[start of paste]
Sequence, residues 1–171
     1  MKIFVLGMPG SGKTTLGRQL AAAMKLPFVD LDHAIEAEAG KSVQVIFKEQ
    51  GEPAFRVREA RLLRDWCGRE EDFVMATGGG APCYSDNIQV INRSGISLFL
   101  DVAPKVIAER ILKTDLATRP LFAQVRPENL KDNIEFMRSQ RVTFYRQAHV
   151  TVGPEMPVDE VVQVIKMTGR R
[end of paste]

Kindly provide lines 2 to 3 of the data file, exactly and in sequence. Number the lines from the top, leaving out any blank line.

     1  MKIFVLGMPG SGKTTLGRQL AAAMKLPFVD LDHAIEAEAG KSVQVIFKEQ
    51  GEPAFRVREA RLLRDWCGRE EDFVMATGGG APCYSDNIQV INRSGISLFL